Why Calderdale Council is set to stop using glyphosate in parks and villages

Wellholme Park in Brighouse
Wellholme Park in Brighouse

Calderdale Council is set to stop using glyphosate within its parks and on verges due to concerns over health.

Council leaders will be asked to consider a report on the use by the Council of herbicides such as glyphosate, known as Roundup, across Calderdale’s towns and villages.

The recommendations within the report are for the Council to stop using glyphosate completely within its soft landscapes, such as parks and along roadside verges.

Calderdale Council’s Cabinet Member for Public Services and Communities, Councillor Susan Press said: “We have a real responsibility to balance protecting the environment for future generations and making sure that our local communities are safe, attractive and pleasant places to live.

“I welcome the opportunity to end the use of glyphosate completely in our green spaces; this is an important step for the Council and should bring benefits to our local wildlife and encourage biodiversity. This will help us to deliver one of our key commitments within our first 100 days programme.

“We will continue to explore alternative treatments for those areas which cannot be left to nature as our intention is to end glyphosate usage as soon as it is possible.”

A further report will be presented to the Cabinet, with fully costed plans which will allow the Council to decide to phase out the use of the herbicide within hard landscapes, such as street pavements and at the roadside.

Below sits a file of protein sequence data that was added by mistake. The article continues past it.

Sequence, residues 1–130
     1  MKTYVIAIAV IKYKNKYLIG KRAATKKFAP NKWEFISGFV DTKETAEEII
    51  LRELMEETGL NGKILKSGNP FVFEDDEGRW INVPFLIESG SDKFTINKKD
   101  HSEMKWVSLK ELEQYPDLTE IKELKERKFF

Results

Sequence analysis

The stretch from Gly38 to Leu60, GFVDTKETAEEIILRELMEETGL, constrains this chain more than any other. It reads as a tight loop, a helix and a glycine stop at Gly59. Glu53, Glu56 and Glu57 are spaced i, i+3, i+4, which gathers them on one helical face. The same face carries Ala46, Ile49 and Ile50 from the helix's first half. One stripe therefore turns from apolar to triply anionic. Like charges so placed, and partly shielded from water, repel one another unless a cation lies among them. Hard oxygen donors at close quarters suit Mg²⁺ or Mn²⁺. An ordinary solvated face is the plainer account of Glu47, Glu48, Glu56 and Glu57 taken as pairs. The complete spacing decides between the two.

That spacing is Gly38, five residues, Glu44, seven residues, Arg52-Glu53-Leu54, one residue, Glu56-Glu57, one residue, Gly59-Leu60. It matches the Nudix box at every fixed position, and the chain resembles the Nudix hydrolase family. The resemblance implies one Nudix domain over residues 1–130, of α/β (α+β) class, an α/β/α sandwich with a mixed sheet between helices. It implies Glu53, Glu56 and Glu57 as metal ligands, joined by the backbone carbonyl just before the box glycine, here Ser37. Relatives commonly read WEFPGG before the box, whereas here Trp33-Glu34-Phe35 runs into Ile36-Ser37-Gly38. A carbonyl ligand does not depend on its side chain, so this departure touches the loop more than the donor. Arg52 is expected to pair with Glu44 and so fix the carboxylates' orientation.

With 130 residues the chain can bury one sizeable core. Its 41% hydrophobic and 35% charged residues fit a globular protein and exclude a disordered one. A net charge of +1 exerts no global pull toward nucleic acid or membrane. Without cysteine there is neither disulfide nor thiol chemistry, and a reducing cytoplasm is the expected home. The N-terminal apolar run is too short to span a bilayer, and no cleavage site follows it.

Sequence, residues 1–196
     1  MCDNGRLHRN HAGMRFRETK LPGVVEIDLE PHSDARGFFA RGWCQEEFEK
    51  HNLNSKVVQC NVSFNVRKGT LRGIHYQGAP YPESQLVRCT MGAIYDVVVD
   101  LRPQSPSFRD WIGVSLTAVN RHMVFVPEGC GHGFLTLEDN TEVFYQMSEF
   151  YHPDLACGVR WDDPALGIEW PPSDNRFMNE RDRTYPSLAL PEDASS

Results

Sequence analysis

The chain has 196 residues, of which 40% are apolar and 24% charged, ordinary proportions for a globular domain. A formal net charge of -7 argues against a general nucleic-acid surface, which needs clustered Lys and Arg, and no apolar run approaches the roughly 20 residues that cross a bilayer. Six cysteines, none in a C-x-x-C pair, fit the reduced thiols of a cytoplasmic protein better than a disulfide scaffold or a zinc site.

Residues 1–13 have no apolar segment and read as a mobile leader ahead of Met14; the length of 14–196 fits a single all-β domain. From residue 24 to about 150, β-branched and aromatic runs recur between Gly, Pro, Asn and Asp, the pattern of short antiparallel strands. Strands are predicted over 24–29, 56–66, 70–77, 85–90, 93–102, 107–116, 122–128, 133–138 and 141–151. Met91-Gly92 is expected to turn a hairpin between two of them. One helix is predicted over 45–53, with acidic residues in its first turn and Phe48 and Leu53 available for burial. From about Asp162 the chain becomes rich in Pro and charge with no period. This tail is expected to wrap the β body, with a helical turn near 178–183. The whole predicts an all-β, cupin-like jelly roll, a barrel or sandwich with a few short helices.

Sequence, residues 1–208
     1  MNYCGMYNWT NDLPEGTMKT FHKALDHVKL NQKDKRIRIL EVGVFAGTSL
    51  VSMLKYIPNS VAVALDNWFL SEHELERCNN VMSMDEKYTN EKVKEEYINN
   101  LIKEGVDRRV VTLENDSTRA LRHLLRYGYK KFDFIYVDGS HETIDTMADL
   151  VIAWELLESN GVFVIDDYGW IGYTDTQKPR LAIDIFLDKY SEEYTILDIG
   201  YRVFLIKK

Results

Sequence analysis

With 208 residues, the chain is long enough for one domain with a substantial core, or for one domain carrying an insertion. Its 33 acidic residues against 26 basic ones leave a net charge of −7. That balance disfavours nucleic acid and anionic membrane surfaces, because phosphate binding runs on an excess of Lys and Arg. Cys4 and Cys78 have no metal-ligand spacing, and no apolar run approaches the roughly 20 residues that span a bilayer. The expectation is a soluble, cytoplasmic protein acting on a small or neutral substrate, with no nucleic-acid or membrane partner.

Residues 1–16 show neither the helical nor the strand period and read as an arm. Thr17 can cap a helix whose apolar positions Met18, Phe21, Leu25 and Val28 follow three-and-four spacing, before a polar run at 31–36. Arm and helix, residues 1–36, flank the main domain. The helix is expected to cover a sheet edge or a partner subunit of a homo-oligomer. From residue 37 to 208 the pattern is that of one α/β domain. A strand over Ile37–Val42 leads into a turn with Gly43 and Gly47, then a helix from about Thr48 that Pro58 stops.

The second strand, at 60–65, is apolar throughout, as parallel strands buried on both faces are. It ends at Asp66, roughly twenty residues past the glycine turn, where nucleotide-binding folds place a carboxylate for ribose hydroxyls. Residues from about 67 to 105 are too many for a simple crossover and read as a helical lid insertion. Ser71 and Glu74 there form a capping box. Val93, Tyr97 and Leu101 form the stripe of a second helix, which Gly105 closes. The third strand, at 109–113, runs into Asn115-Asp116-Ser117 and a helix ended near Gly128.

This will allow the Council time to undertake trials into more environmentally sustainable methods to remove weeds.

An exception will be made for the treatment of some invasive species such as Japanese knotweed and giant hogweed, which are a serious threat to biodiversity.

The Safer Cleaner Greener team will work with local horticultural groups and experts on herbicides to find suitable alternative treatments.

Calderdale Council’s Cabinet Member for Climate Change and Environment, Coun Scott Patient said: “Over recent years there has been growing concern about the use of herbicides because of their potential impact on health and the damage that they can have on the environment.

“One of our ambitions for Vision 2024 is to preserve and protect the distinctive character of Calderdale, with its unique blend of rural and urban areas, so it’s vital that we seek alternative methods which are kinder to our wildlife and countryside.”

In 2016 the Council set targets to reduce its glyphosate use by 10% a year over three years and this has been achieved, the service is currently using around half of the amount initially used.

The Safer Cleaner Greener team has already trialled some alternative weed treatments including foam application, steam methods and geranium extract.

The Cabinet will also need to consider whether to stop weed control in some areas, allowing them to revert to a more natural state. This should encourage greater biodiversity; however it is not without risk.

A build-up of weeds within drainage channels could increase the risk of flooding and paths and paving may be damaged if plants grow through and crack the surface.

Some areas may begin to look overgrown which could have a negative impact on tourism, however it is hoped that the new alternative methods and application of best practice learned from other local authorities will help to resolve this.

The item will be discussed at the meeting of Calderdale Council’s Cabinet on Monday July 29 at Halifax Town Hall, starting at 6pm.